Dark Helmet ultimately is gonna be my favorite. But I’ve done it so much and it’s not the most comfortable costume, so it’s becoming Ace for all those reasons.

Q: What’s one of your favorite characters that you haven’t cosplayed (yet)?
Oooooo, this is gonna be hard because there isn’t like one that I keep putting off that is like “I love the character.” If I love it that much I’m just gonna do it, you know?
Well, okay, I always thought I’d do a Han Solo – even though that’s whatever, there’s like 15 Han Solo’s every con. But I mean, you know he’s like the OG.
Let’s see, I’ve been planning to do a Tropic Thunder group. Whenever I do a new cosplay for the first time, unless I post that I’m gonna do it – nobody knows it’s me, because I do that character so hardcore.
The very first time I did Mugatu, when I do Super Troopers, people don’t know it’s me. I think I can hide in plain sight without anybody knowing it’s me – all day. Even though I know thousands of people that are there.
So I wanna do Les Grossman, which is Tom Cruise’s character from Tropic Thunder. Have a boombox in the background playing Flo Rida, dancing around – that’ll be really funny. Those are 2 that I know are in the future at some point.
But the one that I’m gonna complete before I get to any of that stuff is the CW Flash. I’m gonna get that up and running. It’ll be my first conventional character.

Q: What would your dream cosplay be with unlimited resources?
Hmm… you know I really always loved the guards in Stargate with the retracting kind of head armor. Whether they were the Anubis or the Apophis, whichever. Those were really, really awesome. So that’d be fun to be one of the Jaffa but it’d have to be a fully robotic, retracting serpent head. That would be wicked cool.
I’ve seen them sculpted. I’ve seen them at DragonCon. But I’ve never seen them retracting but with the technology and the resources to do that, that’d be pretty freaking cool.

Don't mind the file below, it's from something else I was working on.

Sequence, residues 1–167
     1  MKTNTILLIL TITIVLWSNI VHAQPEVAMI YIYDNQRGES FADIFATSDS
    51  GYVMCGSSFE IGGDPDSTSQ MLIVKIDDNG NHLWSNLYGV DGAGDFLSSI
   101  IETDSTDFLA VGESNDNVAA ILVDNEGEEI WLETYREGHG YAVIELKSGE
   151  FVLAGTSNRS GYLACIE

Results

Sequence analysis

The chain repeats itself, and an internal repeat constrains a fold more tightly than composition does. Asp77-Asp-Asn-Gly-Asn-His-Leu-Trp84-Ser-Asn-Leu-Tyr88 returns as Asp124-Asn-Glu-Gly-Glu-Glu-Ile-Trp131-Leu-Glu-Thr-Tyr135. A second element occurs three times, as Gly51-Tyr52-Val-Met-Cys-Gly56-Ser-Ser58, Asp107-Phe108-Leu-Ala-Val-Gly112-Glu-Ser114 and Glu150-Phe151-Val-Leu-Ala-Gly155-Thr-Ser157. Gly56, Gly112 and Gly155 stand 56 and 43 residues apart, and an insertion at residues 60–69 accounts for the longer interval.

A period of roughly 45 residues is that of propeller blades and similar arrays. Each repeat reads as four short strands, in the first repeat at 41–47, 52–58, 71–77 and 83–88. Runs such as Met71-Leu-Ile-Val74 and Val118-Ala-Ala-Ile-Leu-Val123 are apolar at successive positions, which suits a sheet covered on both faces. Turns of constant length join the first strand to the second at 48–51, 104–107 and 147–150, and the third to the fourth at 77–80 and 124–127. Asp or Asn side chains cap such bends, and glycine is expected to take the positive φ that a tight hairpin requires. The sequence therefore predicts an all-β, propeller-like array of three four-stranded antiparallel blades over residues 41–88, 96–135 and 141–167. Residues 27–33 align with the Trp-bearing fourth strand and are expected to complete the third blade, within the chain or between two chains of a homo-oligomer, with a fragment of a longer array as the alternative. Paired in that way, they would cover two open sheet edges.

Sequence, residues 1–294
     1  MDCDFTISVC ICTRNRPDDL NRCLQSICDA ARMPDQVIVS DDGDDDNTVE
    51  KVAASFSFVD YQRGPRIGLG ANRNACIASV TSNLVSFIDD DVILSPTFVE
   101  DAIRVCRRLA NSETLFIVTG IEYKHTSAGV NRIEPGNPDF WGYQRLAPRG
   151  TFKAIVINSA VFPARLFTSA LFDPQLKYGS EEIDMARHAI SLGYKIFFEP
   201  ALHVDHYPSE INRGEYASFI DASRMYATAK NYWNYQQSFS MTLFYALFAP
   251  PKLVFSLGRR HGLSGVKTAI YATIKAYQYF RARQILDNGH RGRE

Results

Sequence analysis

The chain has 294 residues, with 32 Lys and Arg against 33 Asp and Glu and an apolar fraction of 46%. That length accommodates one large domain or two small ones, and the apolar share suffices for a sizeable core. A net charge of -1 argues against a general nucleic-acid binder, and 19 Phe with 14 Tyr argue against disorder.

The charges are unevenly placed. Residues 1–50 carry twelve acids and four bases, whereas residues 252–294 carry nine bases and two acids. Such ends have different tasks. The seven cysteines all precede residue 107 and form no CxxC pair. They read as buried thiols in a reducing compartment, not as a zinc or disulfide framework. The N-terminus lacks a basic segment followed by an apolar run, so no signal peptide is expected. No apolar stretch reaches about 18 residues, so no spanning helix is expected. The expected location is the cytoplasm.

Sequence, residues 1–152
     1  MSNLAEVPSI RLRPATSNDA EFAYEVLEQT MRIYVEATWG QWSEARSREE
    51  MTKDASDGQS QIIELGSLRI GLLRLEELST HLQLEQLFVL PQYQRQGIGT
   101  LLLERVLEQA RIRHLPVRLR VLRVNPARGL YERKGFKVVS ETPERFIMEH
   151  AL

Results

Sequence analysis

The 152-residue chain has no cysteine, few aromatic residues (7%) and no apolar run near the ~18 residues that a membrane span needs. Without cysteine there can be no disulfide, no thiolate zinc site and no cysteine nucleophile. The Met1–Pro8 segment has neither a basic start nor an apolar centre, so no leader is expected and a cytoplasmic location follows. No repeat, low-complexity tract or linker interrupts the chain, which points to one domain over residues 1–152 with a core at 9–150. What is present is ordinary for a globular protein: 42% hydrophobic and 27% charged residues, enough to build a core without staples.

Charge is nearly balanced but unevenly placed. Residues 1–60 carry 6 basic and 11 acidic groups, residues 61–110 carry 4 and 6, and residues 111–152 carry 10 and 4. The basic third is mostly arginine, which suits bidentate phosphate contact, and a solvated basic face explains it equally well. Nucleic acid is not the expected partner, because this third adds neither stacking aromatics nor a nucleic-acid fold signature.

Q: How do you feel about the cosplay community?
Oh man! You should know, I could have 300 episodes about how I feel about the cosplay community. There are so many aspects to it. My overall thought is I think it’s great. I think cosplay is a fantastic hobby and community, where people can express themselves and make themselves more comfortable in ways that they generally can’t in their everyday life.
You see a lot of people who are quiet and reserved otherwise, you know, come out of their shell and put themselves out there. It takes a lot, internally, to put yourself out there. To roll around, have pictures taken of you, and essentially… we always say that we’re not judging but we’re all judging. And you’re gonna be up on the internet, you’re gonna end in blogs, you’re gonna end up being shared by people and that can be scary for a lot of people. So they tackle some of their fears and I think that’s a great opportunity and avenue provided by that community.
You find a lot of talent, one of the things doing Club Cosplay that’s been really cool is that we find talent within the nerd community and give them a stage. We found an amazing woman, who is now one of my closest friends, her name is Rhapsody. And she does Ms. Swan from MadTV, her impression is perfect. She’s also an incredible singer. Now we give her two sets, one where she’s Ms. Swan and one where she sings. And that’s just one example, there are DJs out here that are cosplayers that will DJ in character. I love all the talent.